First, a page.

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MPs question Canadian Olympic Committee about protections for LGBT athletes

No word yet if Sochi Olympics will have a Pride House

Credit: Paul Dotey

It's still unclear whether there will be a Pride House in Sochi.

In a Nov 19 meeting of the House of Commons committee on heritage, opposition MPs quizzed representatives of the Canadian Olympic Committee and the minister of state for sport about protections for queer athletes and spectators.

NDP sport critic Matthew Dubé asked what Canada will be doing to agitate for a Pride House — a special location in the Olympic village for LGBT athletes and their families.

Last March, a Russian judge banned a proposed Pride House under the much-decried anti-gay-propaganda law, calling it "extremist." Since then, Pride House International, the organization that has set up the inclusive space at various sporting events, including the Olympic Games in Vancouver and London, has been trying to find international partners.

Dean Nelson, founder of the organization, wrote in a statement that "we are in discussions with a few such national houses for them to offer one or more days or evenings of programming in line with the tradition of past Pride Houses.”

But Dimitri Soudas, former director of communications for Prime Minister Stephen Harper, now the executive director of communications for the Canadian Olympic Committee, told members of Parliament that Canada will have an "Olympic House" that will be inclusive of all Canadians.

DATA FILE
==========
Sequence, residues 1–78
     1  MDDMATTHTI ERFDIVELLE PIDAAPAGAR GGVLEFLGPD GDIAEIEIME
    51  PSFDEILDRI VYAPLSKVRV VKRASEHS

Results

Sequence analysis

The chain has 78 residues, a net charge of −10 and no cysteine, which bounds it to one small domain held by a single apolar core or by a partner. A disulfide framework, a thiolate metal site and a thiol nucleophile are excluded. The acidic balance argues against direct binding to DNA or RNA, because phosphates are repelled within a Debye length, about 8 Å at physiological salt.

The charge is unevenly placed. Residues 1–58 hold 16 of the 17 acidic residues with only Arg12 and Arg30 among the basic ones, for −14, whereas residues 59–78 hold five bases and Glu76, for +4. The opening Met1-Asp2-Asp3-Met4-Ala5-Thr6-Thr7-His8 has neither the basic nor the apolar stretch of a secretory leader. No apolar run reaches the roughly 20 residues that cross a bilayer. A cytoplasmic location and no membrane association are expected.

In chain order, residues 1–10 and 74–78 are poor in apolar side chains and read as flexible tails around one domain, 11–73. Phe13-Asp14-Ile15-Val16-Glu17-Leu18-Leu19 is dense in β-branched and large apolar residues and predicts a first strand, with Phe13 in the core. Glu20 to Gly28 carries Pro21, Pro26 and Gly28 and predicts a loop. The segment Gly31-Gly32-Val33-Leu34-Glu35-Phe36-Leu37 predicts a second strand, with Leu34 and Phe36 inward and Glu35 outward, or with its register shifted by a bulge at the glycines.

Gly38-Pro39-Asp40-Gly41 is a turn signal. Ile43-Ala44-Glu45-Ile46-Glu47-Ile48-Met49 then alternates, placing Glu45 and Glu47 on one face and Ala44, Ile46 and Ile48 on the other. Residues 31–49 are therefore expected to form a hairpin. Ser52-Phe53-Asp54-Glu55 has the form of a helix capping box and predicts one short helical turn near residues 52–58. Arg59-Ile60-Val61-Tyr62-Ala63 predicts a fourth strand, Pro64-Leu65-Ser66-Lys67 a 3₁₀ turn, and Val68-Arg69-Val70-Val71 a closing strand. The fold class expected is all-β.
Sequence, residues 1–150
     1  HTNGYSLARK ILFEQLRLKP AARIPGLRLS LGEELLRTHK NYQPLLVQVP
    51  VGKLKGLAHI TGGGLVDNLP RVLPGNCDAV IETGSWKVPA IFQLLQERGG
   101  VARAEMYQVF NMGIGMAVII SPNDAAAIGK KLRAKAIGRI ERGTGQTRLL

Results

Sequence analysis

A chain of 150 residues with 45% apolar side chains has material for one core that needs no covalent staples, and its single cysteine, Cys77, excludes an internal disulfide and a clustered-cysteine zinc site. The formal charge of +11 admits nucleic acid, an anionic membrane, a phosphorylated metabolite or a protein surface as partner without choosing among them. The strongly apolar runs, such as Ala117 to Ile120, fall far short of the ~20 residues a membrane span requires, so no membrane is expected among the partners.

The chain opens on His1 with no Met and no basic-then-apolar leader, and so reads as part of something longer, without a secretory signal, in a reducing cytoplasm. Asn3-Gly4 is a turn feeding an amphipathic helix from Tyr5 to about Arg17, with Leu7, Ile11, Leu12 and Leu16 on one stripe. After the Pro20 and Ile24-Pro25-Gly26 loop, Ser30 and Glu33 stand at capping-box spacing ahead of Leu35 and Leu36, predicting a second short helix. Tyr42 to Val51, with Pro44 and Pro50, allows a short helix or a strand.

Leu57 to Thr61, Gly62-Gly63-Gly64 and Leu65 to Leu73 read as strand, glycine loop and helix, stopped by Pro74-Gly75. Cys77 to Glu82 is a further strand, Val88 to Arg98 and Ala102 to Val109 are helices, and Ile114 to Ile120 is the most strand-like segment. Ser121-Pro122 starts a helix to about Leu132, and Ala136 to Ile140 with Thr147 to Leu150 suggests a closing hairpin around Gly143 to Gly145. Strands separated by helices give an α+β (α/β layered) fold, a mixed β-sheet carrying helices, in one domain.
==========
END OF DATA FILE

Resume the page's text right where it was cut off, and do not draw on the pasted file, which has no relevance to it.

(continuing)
Soudas, however, highlighted that what goes on in the Olympic Village is up to the Russian government. He would not commit to hosting events — panel discussions, movie screenings or receptions — for the pro-gay organization.

Both NDP LGBT critic Randall Garrison and Liberal heritage critic Stéphane Dion asked Minister of State for Sports Bal Gosal and Canadian Olympic Committee president Marcel Aubut what protections and support Canadians would receive if they are subject to the anti-gay laws while attending the Olympics.

"The anti-gay law in Russia has already been used against Russians and non-Russians alike," Garrison told the witnesses.

Garrison handed out posters to the committee depicting same-sex athletes kissing, pointing out that they would be illegal under the Russian legislation.

Gosal responded by saying that the Russian government has promised Canada that the anti-gay laws, which could lead to imprisonment and fines for public displays of homosexuality, would not be enforced during the Games.

The NDP, led by Garrison and Dubé, has called for a consular official to be posted in Sochi to deal exclusively with issues that may arise for LGBT Canadians. The government has, thus far, not responded to that request.

Aubut waved away the idea.

"We also received an absolute assurance from the highest powers at the Olympic Committee . . . that this legislation will have no impact on our fans, our athletes and the media," he said, underlining that his organization's goal is to win and that he would work to avoid "distractions," including the law.

"With all due respect, for gay, lesbian or gender-variant athletes," Garrison responded, "it would be a distraction to have such a threat."

Aubut did reinforce the Canadian belief in "the absolute right to play sport, regardless of race, gender or sexual orientation."

Gosal told the committee that Canada will have ample consular staff to deal with any issues that may arise. Several committee witnesses for the Olympic and Paralympic organizations told the room that they have received security briefings and are involved in planning for every eventuality that may arise at the games.

The Department of Foreign Affairs has told Xtra that "contingency plans" are already being drawn up.

Read more: From ancient Greece to Sochi — a gay history of the Olympic Games